6 Brazen Acts of Culinary Thievery

John Ueland
John Ueland / John Ueland

By Gabe Luzier and Caitlin Schneider


The potato came to Europe in the late 1500s, but it wasn’t met with a warm welcome. Disregarded by most, it was first used only to feed livestock. But Frederick the Great of Prussia saw the tuber’s potential. Sure, potatoes tasted bland, but they were versatile, cheaper than bread, and easy to stockpile. He introduced them to his army in 1744 and later freely distributed them to peasants during famine. The people weren’t convinced. In fact, the town of Kolberg was so put off that it responded in a letter: “The things have neither smell nor taste, not even the dogs will eat them, so what use are they to us?” To change public opinion, King Frederick employed some reverse psychology and established a royal potato field patrolled by soldiers. Soon, curious citizens were slinking around at night with stolen potatoes to plant in their gardens—exactly what Frederick wanted.


Thomas Jefferson knew how important healthy farms were to his fledgling nation, and he didn’t mind getting his hands dirty to keep his country strong. By summer 1787, the American rice industry was starting to crumble. The rice was mostly grown in swamps, and the stagnant water was a breeding ground for mosquitoes that made nearby workers sick. During his tenure as minister to France, Jefferson found the farmers’ solution: a dry, upland variety of rice grown in Italy. There was just one problem: Italian law forbade “the exportation of rough rice on pain of death.” Jefferson, however, used his power to declare the rice independent, secretly filling his coat pockets with the unhusked varietal before making for the border.


By 1848, the West had been enamored with tea for almost two centuries. The trouble was, hardly anyone outside of China knew how to turn the raw ingredients into the beverage Britain was downing by the potful. Enter Robert Fortune, a Scottish botanist-turned-spy. Britain’s East India Trading Company contracted Fortune to go to China and infiltrate a green-tea factory in the Wu Si Shan hills. China’s interior was forbidden to foreigners, so Fortune donned a Mandarin disguise and posed as an official from a faraway province. The ruse worked! Fortune would later reveal the tea production secrets to the rest of the world. Perhaps more shocking, however, was the discovery he made while undercover: The Chinese were unknowingly poisoning the British. Believing that English tea drinkers preferred their green tea bright green, manufacturers had been adding Prussian blue pigment and yellow gypsum to British shipments. Fortune recognized the deadly additives and helped put an end to the practice!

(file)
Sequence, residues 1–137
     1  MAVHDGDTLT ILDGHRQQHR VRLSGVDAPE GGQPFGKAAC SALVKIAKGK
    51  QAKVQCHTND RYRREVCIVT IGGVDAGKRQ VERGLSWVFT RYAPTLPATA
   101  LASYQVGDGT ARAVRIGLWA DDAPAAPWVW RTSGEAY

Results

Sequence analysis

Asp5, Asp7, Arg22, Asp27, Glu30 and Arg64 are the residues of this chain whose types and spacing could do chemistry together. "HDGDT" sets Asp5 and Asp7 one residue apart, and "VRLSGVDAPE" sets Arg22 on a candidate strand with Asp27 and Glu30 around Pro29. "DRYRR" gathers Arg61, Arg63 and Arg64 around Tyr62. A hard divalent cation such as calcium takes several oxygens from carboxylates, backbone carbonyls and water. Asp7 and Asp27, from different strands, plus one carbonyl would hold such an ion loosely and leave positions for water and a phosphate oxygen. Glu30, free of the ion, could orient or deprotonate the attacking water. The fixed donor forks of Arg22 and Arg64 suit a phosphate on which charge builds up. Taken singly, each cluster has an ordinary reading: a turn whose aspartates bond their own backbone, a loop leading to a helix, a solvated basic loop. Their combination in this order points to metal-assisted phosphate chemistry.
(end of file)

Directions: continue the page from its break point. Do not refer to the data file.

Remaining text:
Tabasco is arguably the most widespread hot sauce this side of the Rio Grande, but its origins are somewhat murky. Tabasco was founded in 1868 by Edmund McIlhenny, who first sold the spicy stuff in used cologne bottles. His company has been the lone producer ever since. But rumors have long swirled that McIlhenny stole the famous formula from a purported friend, a man named Colonel Maunsel White, who supposedly had a “Concentrated Essence of Tobasco [sic] Pepper” of his own. (White believed it could fend off cholera.) The Tabasco company concedes that White did produce a pepper sauce years before McIlhenny but argues that it’s just a coincidence and that the men never met. Despite the denials, the saucy rumors remain to this day.

5. Lobster Lifter

In 2008, a cook at Brooklyn restaurant Junior’s was caught with his tail between his legs. A few tails, actually. A coworker noticed 40-year-old Raymundo Flores stuffing lobster tails—15 in all—down his pants and securing them with bandages. Flores was charged with petit larceny and criminal possession of stolen property. The fact that his clothes smelled like a clambake made it easier to swallow the fact he lost his job, too.


Dairy may be perishable, but that doesn’t make it any less attractive to thieves. In 2009, a duo in New Zealand was caught stealing 20-kilo blocks of cheese from a train. During the ensuing car chase, the couple tried throwing off the cops by tossing boxes of vacuum-packed cheddar out the window. More recently, an Illinois man stole an impressive 21 tons of Muenster valued at around $200,000. It turns out, cheese is one of the world’s most “high-risk foods.” That doesn’t mean it might make you sick—it indicates how likely it is to be stolen. According to a 2011 report from the Center for Retail Research, about 4 percent of the world’s supply has been pilfered!